December 2017

By | Travel | Published 7 years ago

Overview of Gilgit city.

Driving through Gilgit’s Jaglote Bazar, Mohammad Asif soon arrives at the spot he had heard so much about throughout his childhood. ‘The Junction Point,’ as it is now referred to, is where the three mightiest mountain ranges — the Karakoram, the Hindu Kush and the Himalayas — converge. It lies 40 kilometres south-east of Gilgit, on the Karakoram Highway (KKH).

“Wow!” exclaims Asif, as he walks up a small structure built to provide a glimpse of the view. “It is just incredible! Amazing!” Having driven all the way from Lahore to experience this moment, he says “I never thought that I would be here one day.”

Asif understands that the ground he stands on has shaped not only the surrounding mountainous region, but the subcontinent as a whole.

But the Junction is not the only attraction in a region where tourism is the mainstay of the local economy, and with which hundreds of local families are directly or indirectly associated. There are many other spots that lure tourists into the region.

View from the Baltit Fort, Hunza.

Gilgit-Baltistan (GB) is home to some of the world’s highest mountain ranges. The main ranges are the Karakoram and the Western Himalayas. The Pamirs, meanwhile, lie to the north and the Hindu Kush, to the west. Among the highest mountains here are K2 and Nanga Parbat — some of the most feared summits in the world.

Many of the highest peaks in Gilgit-Baltistan, such as Baltoro Muztagh, K2, the Gasherbrums and Masherbrum, lie in Skardu District. Other peaks are Distaghil Sar, Kunyang Chhish, Batura Sar, Kanjut Sar and Rakaposhi.

But tourism suffered a fatal blow in 2013, when about a dozen heavily-armed militants executed 10 foreign climbers and their local guide, at the base of Nanga Parbat. It was one of the worst acts of violence to strike the international climbing community. The attack proved a major blow to foreign trekking expeditions, which were the last vestige of international tourism in a country riddled with militancy.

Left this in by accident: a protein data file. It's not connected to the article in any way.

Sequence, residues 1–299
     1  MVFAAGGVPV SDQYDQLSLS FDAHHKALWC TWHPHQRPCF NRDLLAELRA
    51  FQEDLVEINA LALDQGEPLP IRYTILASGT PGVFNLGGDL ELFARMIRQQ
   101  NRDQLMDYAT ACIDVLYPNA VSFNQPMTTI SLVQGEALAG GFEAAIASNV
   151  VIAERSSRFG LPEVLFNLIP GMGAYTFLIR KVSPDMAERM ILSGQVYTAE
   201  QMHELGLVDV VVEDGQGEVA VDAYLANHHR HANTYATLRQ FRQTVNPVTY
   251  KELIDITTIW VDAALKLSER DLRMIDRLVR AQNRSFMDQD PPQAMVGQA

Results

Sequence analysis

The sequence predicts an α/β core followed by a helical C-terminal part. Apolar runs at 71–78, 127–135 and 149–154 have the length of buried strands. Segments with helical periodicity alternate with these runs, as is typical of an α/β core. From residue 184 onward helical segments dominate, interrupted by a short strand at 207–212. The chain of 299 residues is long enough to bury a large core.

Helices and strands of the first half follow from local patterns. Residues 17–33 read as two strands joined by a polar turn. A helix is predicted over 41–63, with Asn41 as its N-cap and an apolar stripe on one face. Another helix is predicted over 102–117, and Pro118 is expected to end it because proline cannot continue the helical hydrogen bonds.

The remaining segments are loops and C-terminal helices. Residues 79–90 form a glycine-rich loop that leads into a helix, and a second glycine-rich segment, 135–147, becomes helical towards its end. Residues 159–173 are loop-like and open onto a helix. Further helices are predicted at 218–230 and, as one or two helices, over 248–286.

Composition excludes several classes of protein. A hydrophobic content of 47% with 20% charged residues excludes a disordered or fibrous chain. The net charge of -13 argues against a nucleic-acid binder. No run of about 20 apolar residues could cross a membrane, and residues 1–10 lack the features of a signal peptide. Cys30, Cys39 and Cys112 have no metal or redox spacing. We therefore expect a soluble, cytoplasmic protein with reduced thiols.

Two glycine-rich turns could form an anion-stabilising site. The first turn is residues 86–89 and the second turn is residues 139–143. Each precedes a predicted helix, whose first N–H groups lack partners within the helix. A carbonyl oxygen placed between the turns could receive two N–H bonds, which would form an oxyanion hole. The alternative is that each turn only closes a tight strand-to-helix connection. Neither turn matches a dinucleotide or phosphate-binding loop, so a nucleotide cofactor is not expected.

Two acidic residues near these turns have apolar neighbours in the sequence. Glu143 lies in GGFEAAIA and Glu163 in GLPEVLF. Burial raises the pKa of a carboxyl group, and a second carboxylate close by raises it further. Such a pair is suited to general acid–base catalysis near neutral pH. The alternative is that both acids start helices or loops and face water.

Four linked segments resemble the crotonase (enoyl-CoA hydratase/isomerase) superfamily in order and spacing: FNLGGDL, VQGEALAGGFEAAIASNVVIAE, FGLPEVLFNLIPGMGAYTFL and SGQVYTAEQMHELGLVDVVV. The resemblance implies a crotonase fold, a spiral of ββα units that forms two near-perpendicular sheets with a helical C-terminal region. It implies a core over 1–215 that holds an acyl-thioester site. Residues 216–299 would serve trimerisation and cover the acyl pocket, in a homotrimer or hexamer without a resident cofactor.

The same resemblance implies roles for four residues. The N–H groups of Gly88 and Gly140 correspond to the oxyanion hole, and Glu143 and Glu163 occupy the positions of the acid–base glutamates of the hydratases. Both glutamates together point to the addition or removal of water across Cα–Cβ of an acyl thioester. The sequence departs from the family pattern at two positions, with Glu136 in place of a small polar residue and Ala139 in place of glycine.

Following the assault, the region saw a shift from foreign to domestic tourism. This led to the opening of the short yet scenic Kaghan-Chilas road via Babusar Pass.

“By the grace of God, we have had a few good seasons lately,” says Sajid Iqbal, the owner of a guesthouse in Gilgit. “It is due to an improvement in the law and order situation, and we hope this continues in the years to come.”

To maintain the influx of tourists as well as to facilitate them, the district administration set up tent villages in Gilgit and other parts of the region. In Hunza valley, hotels were at full capacity throughout the season, forcing some tourists to camp under the open sky.

Attabad Lake, 120 kms from Gilgit, was formed in the wake of landslides.

According to the GB government, more than one million tourists visited the region this year. Although there were a good number of foreigners, the majority were domestic tourists who flocked to Gilgit and the rest of the valley from May onwards, enjoying the natural beauty. “Besides the peaceful situation, our government has taken some concrete steps to ensure that tourists visit this beautiful region,” said Chief Minister Hafiz Hafeezur Rehman, who has been in government for two-and-a half years.

To promote tourism, Sarfa Ranga, a cold desert jeep rally, was organised for first time in GB, in August 2017. About 72 jeep drivers and 20 motorcyclists participated. Surrounded by snow-capped mountains, Sarfa Ranga is one of the highest cold deserts, located in Shigar district, some 20 kilometres from Skardu.

In addition to the annual Shandur polo festival, played between the Chitral and GB polo teams in the world’s highest polo ground, the government sponsored other polo tournaments in Astore valley and Gilgit city, providing tourists with a chance to enjoy the traditional sport of this region.